If you don't have room for, or don't want, a full-scale wildflower meadow, simply allowing patches of lawn to grow longer will provide shelter for small mammals such as wood mice, voles and shrews, and food for some butterfly caterpillars – not all of these eat cabbages or nettles, contrary to popular belief.
Garden sustainably to help protect wildlife
Sustainability is an environmental buzzword that simply means minimising your use of finite resources (such as oil) in favour of those that are continuously produced by natural processes (power from wind turbines or bringing it right home, using your own compost).
Synthetic pesticides are not only toxic to more than the target organisms, they are extremely energy intensive to produce, so employ them as a last resort wherever possible. Avoid peat-based composts, choose sustainably-sourced wood for patio furniture, recycle all you can, and save water wherever possible – these are all more sustainable forms of gardening. It will help ensure that your garden treads lightly on the world.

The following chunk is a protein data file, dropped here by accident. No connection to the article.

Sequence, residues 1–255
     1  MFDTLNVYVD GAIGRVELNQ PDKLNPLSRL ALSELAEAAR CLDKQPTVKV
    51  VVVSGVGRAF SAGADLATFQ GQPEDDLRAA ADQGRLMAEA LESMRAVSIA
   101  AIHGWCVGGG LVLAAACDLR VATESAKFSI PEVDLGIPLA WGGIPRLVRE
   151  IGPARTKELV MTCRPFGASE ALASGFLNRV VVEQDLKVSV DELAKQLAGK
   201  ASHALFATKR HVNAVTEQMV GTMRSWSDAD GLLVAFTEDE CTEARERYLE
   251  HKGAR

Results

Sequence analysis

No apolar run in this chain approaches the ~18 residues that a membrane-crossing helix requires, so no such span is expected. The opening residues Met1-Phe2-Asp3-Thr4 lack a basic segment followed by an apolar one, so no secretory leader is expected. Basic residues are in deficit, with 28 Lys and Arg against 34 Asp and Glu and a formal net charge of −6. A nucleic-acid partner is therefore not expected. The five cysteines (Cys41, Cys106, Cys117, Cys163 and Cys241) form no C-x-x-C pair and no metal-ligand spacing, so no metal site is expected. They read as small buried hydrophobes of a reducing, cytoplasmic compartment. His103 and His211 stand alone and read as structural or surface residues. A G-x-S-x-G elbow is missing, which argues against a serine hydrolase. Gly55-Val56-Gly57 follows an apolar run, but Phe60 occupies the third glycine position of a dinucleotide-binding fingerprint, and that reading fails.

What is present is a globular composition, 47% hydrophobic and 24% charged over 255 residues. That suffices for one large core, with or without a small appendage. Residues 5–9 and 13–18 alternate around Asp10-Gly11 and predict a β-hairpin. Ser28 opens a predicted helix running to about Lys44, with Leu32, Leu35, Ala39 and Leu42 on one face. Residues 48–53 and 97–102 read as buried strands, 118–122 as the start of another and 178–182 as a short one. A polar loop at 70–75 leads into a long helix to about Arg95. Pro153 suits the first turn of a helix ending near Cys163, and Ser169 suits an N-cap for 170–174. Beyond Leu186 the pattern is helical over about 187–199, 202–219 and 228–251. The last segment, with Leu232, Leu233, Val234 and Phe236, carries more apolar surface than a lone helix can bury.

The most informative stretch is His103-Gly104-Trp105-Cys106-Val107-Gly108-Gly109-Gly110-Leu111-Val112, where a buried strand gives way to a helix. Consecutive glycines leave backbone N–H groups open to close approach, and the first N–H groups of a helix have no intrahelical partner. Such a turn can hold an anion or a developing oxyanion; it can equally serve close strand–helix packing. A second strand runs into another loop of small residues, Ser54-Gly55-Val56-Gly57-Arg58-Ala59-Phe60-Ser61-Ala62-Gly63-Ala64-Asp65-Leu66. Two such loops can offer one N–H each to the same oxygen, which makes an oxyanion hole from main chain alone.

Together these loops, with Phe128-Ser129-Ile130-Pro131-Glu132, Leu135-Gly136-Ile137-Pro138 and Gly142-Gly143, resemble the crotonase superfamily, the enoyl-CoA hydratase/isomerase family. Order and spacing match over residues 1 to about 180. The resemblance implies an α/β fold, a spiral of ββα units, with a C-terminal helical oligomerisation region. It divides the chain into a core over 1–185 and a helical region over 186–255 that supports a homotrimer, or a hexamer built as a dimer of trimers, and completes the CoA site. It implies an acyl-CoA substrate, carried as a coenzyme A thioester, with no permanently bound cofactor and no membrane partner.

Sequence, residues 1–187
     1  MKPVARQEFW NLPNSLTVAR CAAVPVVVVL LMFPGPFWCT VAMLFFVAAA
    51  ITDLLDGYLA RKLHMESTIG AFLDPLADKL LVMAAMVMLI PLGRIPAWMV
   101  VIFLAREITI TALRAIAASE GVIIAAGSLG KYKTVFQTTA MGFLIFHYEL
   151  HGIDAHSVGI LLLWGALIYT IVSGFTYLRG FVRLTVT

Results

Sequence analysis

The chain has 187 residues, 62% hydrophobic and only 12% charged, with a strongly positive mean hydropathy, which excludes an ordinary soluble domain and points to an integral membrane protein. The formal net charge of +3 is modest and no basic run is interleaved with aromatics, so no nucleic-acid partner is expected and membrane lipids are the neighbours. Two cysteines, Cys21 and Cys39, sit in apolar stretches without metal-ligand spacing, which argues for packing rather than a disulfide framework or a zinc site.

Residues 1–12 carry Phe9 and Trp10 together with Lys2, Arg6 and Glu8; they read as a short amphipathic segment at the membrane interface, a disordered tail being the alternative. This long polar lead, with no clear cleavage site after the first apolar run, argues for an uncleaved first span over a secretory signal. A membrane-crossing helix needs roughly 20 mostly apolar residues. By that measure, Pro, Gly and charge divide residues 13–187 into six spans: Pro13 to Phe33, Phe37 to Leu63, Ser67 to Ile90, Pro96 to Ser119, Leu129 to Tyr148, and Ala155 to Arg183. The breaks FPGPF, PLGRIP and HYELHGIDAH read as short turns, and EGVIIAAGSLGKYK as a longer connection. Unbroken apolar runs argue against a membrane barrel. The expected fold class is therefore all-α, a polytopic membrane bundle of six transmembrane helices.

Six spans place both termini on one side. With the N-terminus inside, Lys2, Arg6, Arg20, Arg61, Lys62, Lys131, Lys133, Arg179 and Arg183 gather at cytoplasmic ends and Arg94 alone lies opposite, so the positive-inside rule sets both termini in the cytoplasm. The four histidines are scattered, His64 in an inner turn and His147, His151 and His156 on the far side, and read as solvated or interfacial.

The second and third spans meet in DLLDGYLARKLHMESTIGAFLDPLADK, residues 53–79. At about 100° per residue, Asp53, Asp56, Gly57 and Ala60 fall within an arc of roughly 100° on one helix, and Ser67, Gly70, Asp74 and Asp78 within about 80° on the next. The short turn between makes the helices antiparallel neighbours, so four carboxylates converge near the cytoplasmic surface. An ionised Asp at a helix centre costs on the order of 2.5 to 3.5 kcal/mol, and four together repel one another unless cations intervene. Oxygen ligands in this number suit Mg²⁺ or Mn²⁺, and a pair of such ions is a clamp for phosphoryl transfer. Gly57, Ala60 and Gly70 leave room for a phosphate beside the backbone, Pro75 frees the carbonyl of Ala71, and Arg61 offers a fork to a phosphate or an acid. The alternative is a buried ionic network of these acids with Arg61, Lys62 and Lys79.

Choosing the right flowers
Flowers provide pollen and nectar for bees, butterflies and other insects that perform the vital task of fertilisation – seed and fruit production would drop dramatically without them. Avoid too many highly-bred cultivars with big and blowsy or double flowers, most of which contain little or no pollen or nectar.
Choose plants that provide pollen and nectar for as long a season as possible, from spring (Crocus and Mahonia for example) through to autumn (Michaelmas daisy, Sedum spectabile and ivy, which is particularly late to bloom and may provide food into early winter). Studies such as the RHS Plants for Bugs project are helping us understand how both native and non-native plants support garden wildlife.
See a list of suitable plants for wildlife gardens See a list of suitable plants for wildlife gardens (1MB pdf)